Dove Mountain, Tucson was the site of the second annual Goldman Sachs Builders + Innovators Summit last week. The purpose of the summit is for all involved to meet and learn more about the next wave (notice, I did not say generation) of intriguing growth companies. While there was a fair amount of tech companies, they differed greatly in what it means to be a tech company. One of my favorites is the Lynda.com approach - that teaches us all about using tech. There were also consumer products (Method, Birchbox, and the ultimate chocolate experience, Vosges ), health and recreation (my legs are still aching from the SoulCycle experience), business services (Grossman & Partners/Zeitguide), and nonprofits (The Mission Continues, Team Rubicon). All very different types of businesses (and I wish I could name all 100), yet all sharing the drive for growth, and the challenges of leading growth.
Defining what you want to grow is one of the challenges. While all of the businesses I mentioned above are focused on growth in different ways, all are also about impact. They were invited to the conference based on their potential for changing the world. What's your plan?
While the gathering of these people and companies is amazing, it is the fact that most are still figuring out some aspect of growing all out. And most that I talked with had a few particular individuals in mind that they wanted to meet while there were there. So, no matter where you are in the business launch or growth process, it's helpful to think about what works in networking. The B+I Summit is actually organized to promote networking among all the participants - time and activities designed to encourage mixing and mingling. Not all events are that well thought through as to their delivery design. Even so, here are 5 Ps to help you think through your networking strategy. I'll even admit that when I started this blog there were only four - it's a work in progress.
Preparation: This actually has two parts - selecting the right event and then preparing to attend that event. The amount of events with the word "entrepreneurship" or "small business" in them has grown at what seems like an exponential pace, with every type of sponsor imaginable. This can be a good thing, but you can't go to everything. Look at your growth plan, decide where you need the most help and who (or what kind of person) can most help, and select the event you know they are most likely to attend. This means that you now recognize that it's actually not helpful to go to an event with a goal of meeting as many people as possible. Quantity is not what counts when it comes to card collecting.
Position: Once you get to the event, think about where you walk, stand, stroll, etc. whatever your pace. Going straight to a designated table and sitting down is not helpful. If you are focused on meeting one of the speakers, get to their session early and try to meet them before they speak. After they speak there is often a line and you tend to get lost in the shuffle. If your goal is to connect to a participant, it can be helpful to watch the entry way, or be near the refreshments (in some cases this means the bar).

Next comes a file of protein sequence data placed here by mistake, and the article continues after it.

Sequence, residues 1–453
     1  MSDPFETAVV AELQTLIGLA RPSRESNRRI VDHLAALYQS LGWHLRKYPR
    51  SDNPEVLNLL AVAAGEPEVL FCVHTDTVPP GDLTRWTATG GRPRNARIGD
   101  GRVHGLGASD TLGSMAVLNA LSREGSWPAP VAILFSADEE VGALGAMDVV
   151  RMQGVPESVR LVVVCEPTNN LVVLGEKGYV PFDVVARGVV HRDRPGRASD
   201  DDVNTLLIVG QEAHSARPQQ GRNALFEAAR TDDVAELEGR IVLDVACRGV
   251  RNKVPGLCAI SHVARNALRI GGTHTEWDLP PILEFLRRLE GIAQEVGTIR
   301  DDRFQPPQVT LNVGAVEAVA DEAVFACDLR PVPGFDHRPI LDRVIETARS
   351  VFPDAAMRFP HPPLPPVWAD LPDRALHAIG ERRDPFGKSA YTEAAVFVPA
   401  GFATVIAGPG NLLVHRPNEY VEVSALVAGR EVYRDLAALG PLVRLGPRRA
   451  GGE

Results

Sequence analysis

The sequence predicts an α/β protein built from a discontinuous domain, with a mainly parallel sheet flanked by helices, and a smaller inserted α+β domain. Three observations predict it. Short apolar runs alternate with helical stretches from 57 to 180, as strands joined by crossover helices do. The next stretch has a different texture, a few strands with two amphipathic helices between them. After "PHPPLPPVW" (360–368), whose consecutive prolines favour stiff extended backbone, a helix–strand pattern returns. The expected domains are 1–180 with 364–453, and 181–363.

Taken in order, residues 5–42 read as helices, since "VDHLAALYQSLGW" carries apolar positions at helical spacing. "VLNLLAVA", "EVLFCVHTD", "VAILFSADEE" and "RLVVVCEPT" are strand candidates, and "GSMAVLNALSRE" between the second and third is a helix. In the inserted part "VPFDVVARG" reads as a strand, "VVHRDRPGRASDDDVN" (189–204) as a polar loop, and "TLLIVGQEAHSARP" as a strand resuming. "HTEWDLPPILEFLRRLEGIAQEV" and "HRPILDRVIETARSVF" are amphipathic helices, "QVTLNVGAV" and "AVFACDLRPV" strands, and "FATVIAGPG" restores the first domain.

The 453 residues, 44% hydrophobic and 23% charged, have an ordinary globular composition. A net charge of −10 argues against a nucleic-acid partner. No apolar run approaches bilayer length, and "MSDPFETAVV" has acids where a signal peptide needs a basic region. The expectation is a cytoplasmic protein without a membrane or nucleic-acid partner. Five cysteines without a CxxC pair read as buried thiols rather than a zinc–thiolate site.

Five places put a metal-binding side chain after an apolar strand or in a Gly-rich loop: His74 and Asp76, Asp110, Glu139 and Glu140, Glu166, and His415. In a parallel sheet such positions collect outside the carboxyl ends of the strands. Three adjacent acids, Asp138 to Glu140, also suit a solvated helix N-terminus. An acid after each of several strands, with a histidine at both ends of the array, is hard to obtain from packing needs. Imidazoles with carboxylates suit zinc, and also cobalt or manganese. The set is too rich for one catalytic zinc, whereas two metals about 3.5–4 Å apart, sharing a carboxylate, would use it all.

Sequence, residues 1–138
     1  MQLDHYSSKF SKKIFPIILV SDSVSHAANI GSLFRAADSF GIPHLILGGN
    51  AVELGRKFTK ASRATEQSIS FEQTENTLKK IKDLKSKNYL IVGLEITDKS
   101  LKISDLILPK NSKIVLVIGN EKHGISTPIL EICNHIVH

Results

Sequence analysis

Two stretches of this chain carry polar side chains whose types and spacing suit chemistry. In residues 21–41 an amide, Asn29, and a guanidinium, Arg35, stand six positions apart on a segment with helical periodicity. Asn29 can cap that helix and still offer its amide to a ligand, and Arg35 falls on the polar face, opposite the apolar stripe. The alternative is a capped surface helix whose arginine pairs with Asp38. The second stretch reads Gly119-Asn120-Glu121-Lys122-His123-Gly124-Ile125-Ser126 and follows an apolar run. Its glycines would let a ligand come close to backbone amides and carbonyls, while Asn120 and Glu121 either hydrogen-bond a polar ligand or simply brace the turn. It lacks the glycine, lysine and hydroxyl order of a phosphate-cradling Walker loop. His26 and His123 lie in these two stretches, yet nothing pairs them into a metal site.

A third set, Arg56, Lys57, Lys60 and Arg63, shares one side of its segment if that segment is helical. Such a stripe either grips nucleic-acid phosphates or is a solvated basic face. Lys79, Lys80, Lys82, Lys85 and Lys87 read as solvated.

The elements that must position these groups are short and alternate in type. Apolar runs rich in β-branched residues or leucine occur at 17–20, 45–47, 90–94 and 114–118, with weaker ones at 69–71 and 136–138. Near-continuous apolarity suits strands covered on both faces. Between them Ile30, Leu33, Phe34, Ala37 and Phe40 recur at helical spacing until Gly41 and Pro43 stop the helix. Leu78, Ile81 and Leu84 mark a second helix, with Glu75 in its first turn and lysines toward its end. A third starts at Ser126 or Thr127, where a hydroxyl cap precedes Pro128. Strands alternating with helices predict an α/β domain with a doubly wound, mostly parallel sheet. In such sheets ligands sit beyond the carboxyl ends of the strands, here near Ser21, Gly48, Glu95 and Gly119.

Persistence: What happens if your first plan doesn't work? Have a back-up plan. If you are trying to meet that speaker before their talk, but they arrive late and hustle straight to the stage, what is plan B? I actually had a networking plan for the B+I conference that finally ended up successfully - at Plan D.
Package: This is the content. It might be a physical thing to share, like a card, or even some kind of sample, if it's small and something a person wouldn't mind carrying. More likely it's the content of your message. Very short. Who you are, why you are glad to meet them, and what you think you have in common to pursue. This is the thing you bring to them as well as what they might bring to you. Networking has to be a two way street to be successful. And did I mention that this has to be very short.
Passion: Yes, this is the part I added. If your heart isn't totally into this, let it go because it will show. People are attracted to enthusiasm and commitment. If you aren't passionately attached to whatever it is you are pursing or growing, why should they be?
One of the very neat things at B+I was the Zeitguide, the best prep tool, or as they call it, "travel guide" for attending an event that I've ever seen. It included an overview of the event and the attendees, including research on what connects them as well as the latest research on leadership skills. What I loved was the culture "s"h"elf" - which Brad Grossman, the creator, described as a curated walk through relevant culture, including books, films (I learned to say this instead of movies), art and music. So to close, thanks to Brad for raising the context quota and I'm off to read The Bloody Chamber, go see Gravity (again), ponder The Last Pictures, and listen to "Everybody's Gonna Be Happy."
Patricia is the National Academic Director of Goldman Sachs 10,000 Small Businesses. Goldman Sachs is a partner of the What Is Working: Small Businesses section.Suggest a correction